In the following cell, we define the animation function or the function that will be called for each frame. This function should return a touple of anything that has changed from the previous frame. The function accepts one argument, the number of the animation frame.

Since we want a sin wave that looks like it is continously moving, we will adjust the phase. We adujst the phase by exactly $2\pi$ over one animation loop so that the animation looks continous.

In [5]:
def a(i):
    y = np.sin(x + 2*np.pi*i/AnimationFrames)
    MyLine.set_data(x, y)
    return (MyLine,)

FuncAnimation creates the animation sequence. The option blit=true speeds up the drawing process, and requires a to return a list of items which have changed as our a function does.

FuncAnimation returns a FuncAnimation object. We could save this animation using the save method. In this case we will display the animation in this notebook. Since we have set the parameter for displaying animations to html5 with matplotlib.rc('animation', html='html5') in the initilization section, we simply need to display the animation object.

In [6]:
MyAnimation = animation.FuncAnimation(MyFigure, a,
                               frames=AnimationFrames, interval=DelayBetweenFrames, blit=True)
In [7]:

Data Fitting Problem Animation

Let us look at another animation. In this case we will fit a line to some random data and display the data and fit line. We will animate this figure by changing the number of data points generated.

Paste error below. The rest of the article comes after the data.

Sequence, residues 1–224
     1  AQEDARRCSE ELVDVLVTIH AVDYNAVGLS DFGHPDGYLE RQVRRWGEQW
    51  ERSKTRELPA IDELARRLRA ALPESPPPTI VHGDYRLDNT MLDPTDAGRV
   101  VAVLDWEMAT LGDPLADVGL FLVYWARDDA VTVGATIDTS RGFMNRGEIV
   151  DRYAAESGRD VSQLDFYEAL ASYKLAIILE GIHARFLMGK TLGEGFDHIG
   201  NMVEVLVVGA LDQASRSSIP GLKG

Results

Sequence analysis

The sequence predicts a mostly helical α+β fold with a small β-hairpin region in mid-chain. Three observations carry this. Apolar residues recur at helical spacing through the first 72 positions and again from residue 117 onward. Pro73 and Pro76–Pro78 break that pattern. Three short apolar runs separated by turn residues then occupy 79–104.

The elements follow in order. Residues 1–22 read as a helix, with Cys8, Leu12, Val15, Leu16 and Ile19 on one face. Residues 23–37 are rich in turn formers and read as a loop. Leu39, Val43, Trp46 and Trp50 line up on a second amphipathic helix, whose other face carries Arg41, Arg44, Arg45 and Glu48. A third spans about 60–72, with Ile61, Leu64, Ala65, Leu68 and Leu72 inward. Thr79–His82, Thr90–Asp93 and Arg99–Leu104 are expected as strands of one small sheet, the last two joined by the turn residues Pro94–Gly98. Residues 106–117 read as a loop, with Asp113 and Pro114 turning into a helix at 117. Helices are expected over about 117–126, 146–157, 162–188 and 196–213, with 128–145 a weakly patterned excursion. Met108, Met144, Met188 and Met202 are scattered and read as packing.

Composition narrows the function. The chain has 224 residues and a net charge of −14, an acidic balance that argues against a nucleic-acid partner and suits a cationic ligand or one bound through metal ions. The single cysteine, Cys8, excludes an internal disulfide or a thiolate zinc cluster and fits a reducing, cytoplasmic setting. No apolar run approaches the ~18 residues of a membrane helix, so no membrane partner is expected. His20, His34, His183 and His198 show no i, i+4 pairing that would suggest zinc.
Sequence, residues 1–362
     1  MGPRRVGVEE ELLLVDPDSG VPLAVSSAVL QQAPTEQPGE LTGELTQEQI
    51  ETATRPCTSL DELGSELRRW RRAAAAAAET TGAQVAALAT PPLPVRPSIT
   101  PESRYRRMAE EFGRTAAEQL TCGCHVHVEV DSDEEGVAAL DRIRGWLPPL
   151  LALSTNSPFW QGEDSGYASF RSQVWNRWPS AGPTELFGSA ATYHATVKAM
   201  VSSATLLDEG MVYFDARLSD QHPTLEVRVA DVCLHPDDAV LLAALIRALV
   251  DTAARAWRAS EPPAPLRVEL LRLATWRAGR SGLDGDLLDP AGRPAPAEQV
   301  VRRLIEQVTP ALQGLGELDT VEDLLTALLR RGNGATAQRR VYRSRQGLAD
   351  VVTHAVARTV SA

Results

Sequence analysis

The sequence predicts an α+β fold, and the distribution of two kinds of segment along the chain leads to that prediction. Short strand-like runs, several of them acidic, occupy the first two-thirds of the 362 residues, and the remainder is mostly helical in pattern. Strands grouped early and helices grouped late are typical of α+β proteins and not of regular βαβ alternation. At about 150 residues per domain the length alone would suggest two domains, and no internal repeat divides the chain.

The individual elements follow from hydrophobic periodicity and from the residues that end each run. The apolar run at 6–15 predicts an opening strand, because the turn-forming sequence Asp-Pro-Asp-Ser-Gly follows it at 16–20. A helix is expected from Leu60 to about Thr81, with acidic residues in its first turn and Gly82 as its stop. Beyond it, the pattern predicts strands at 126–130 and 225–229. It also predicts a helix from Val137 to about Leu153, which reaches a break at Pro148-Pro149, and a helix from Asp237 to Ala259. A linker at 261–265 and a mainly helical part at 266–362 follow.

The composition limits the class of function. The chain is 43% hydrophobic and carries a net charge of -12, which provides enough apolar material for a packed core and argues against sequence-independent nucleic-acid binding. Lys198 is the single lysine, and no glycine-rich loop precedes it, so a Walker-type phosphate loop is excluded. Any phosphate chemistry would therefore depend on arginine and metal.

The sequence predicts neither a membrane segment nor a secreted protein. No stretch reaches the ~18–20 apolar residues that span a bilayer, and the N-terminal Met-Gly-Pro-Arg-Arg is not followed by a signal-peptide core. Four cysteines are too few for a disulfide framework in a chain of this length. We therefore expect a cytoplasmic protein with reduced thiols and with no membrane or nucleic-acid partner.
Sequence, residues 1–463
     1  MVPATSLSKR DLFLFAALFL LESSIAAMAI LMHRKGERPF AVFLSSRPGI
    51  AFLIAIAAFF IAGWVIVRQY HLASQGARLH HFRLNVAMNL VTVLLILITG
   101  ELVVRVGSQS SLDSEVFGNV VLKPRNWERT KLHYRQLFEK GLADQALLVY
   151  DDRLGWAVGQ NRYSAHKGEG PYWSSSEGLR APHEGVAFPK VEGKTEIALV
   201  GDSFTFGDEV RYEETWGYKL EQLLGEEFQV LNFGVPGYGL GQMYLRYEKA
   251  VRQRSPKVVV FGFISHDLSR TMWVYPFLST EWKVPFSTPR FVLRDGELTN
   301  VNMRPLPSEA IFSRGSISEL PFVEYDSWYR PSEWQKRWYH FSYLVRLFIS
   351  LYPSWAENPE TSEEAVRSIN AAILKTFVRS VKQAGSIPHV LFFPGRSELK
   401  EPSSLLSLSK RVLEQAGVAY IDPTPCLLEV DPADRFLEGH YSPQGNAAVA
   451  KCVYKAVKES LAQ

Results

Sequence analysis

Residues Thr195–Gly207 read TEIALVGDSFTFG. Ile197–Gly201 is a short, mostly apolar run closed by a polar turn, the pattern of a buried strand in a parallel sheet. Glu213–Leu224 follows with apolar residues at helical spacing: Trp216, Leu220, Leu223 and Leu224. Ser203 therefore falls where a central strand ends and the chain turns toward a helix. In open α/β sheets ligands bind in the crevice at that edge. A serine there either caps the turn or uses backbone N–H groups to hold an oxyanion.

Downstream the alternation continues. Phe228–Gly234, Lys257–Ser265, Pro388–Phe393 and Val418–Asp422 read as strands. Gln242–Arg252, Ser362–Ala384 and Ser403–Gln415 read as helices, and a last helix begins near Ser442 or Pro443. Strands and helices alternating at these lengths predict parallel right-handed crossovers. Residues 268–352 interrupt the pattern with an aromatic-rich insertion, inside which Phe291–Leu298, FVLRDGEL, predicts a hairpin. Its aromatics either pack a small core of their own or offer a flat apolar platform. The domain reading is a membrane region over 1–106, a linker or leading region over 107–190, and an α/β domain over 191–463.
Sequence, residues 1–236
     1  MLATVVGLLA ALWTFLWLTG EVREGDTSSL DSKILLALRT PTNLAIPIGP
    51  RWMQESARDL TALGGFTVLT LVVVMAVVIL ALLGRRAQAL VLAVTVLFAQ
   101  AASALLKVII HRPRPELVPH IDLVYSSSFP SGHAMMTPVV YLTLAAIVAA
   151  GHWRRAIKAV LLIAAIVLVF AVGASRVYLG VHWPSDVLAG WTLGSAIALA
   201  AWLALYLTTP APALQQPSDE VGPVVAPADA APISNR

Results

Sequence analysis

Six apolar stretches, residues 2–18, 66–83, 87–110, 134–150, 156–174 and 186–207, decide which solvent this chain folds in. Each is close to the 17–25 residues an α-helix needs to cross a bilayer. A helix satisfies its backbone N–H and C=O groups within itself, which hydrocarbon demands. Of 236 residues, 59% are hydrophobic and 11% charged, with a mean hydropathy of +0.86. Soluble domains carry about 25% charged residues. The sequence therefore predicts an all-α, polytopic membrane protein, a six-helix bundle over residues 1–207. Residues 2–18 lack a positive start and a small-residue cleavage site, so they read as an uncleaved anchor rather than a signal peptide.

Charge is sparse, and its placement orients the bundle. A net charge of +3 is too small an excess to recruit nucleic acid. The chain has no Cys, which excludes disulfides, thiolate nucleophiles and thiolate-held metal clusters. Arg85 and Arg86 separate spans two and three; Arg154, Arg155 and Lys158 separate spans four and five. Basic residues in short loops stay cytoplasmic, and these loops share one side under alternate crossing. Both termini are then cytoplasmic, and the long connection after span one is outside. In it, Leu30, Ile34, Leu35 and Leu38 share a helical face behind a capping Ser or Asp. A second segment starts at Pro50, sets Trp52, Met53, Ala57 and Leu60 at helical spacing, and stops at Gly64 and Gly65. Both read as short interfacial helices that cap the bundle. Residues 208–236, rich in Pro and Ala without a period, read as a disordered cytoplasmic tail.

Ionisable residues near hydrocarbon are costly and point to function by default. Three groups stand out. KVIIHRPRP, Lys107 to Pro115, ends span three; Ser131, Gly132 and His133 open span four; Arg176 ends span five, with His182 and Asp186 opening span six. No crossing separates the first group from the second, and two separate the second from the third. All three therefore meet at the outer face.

First, we set the parameters for the data generation

In [7]:
maxx    = 25
stddev  = 10
mtarget =  3.0
btarget =  2.0
maxy    =  1.1*(mtarget*maxx + btarget)

Now, we again setup a figure, axes object, and the data series we want to plot. In this case there are two data series or lines.

In [8]:
DFFig, DFAxes = plt.subplots()
DFAxes.set_xlim(( 0, maxx))
DFAxes.set_ylim((0, maxy))
DFLineData, = DFAxes.plot([], [], marker='H',    ls='none', MFC=(1,0,0,0),mec=(1,0,0,.25), label='Data')
DFLineFit,  = DFAxes.plot([], [], marker='None', ls='-',                                   label='Fit')

Next, we set the parameters for the animation so that we don't have magic numbers floating around.

In [9]:
AnimationFrames = 400  #total number of frames in animation.
DelayBetweenFrames = 41 #in msec (41.6 gives 24 fps)
MinDataPoints = 2
MaxDataPoints = 10000
NMultiplier = (MaxDataPoints - MinDataPoints)/AnimationFrames
AnimationTime = AnimationFrames * DelayBetweenFrames/1000
print ("The animation will be {:.1f} seconds long.".format(AnimationTime))
The animation will be 16.4 seconds long.
In [10]:
xx=np.linspace(0, maxx)
def DFData(n):
    x = np.random.uniform(0., maxx, n)
    y = mtarget * x + btarget + np.random.normal(0., stddev, n)
    return (x,y)

def DFAnimator(n=10):
    n=int(NMultiplier*n + MinDataPoints)
    x,y = DFData(n)
    A = np.vstack([x,np.ones(len(x))]).T
    mfit, bfit = np.linalg.lstsq(A, y)[0]
    DFLineFit.set_data(xx,mfit*xx + bfit)
    DFLineData.set_data(x, y)
    return [DFLineData,DFLineFit]
In [11]:
DFAnim = animation.FuncAnimation(DFFig, DFAnimator ,
                               frames=AnimationFrames, interval=DelayBetweenFrames, blit=False)
In [12]: